Undeniably, pastry and baking live at the intersection of Science and Art. Often we forget that baking and making pastries is hard science, before an art. Without the scientific process that creates the pastry in and of itself, there would be nothing to express on. That is why the greatest sweet masterpieces require the finese of both worlds. And occasionally, we are able to see this intersection through various forms of artistic expression through different medians, other than in the form of a pastry. Recently, we were able to observe this intersection in a new light while on a trip to the local art musuem.
Background on the Pie Painting
This painting from 1961 which was created by Wayne Thiebaud, an American artist who was born in 1920, is titled Pies, Pies, Pies and is currently displayed at the Crocker Art Musuem in Sacramento. It was born out of the Pop Art movement, which saw the emergence of several still life paintings involving food products, such as soup cans. Fascinatingly, the piens in Thiebaud’s painting look just as good as the real deal. One could imagine putting through arm through the painting to reach out and grab a slice. Clearly, this painting captures the essence of the confectioners delight we have when seeing or eating a slice of delecious pie. If you ever are in Sacramento, we highly reccomend you stop in the Crocker Art Musuem to oberve this great work of art.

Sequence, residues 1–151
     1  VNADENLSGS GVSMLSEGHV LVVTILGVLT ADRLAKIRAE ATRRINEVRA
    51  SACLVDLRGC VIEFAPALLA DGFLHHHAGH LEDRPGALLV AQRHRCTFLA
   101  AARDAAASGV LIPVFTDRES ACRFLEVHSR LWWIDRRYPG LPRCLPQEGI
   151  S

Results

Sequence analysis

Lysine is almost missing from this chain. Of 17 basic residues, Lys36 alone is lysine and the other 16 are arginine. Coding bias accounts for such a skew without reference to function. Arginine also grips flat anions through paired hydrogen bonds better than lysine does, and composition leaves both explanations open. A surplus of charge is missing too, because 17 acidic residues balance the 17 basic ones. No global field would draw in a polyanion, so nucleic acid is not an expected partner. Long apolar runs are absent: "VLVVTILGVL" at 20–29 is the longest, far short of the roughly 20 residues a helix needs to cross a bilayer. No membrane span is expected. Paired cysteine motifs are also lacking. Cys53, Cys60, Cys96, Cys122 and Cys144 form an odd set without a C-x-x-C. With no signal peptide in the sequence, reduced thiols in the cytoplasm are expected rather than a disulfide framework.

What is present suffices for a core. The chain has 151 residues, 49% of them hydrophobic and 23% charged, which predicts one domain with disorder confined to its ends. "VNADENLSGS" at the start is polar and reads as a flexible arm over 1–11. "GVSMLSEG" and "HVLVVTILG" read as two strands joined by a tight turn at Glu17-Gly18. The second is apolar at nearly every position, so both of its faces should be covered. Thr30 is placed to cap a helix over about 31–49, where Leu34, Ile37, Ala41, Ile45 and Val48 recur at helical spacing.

Pastry is a Science and an Art
According to Mariam-Webster, chemistry is defined as “a science that deals with the composition, structure, and properties of substances and with the transformations that they undergo.” No doubt, because pastry and baking requires understanding how different chemichals react to each other, and how they transform under certain elements such as heat, pastry is primarily a hard science. In order for a pastry to take the form that we expect, and to taste the same, this process must be precise. As to the aesthetics of pastry, however, requires the nuanced touch of an artist. Because pastry lives at this intersection, is what might make it so fascinating.
Sometimes we can learn from viewing things in a new light. And this painting surely puts things in a new light. This painting captures the universality amongs different disciplines such as painting and pastry, that tie them all together. This is inspiring because that means, a baker can become an artist, and an artist a baker, or a pastry chef can become a scientist, and a chemist can become a chef. There is no reason to limit ourselves in this world, and this painting depcits how those limitations are just figments of our imagination. Pies and artistic expression leave a lot to think about.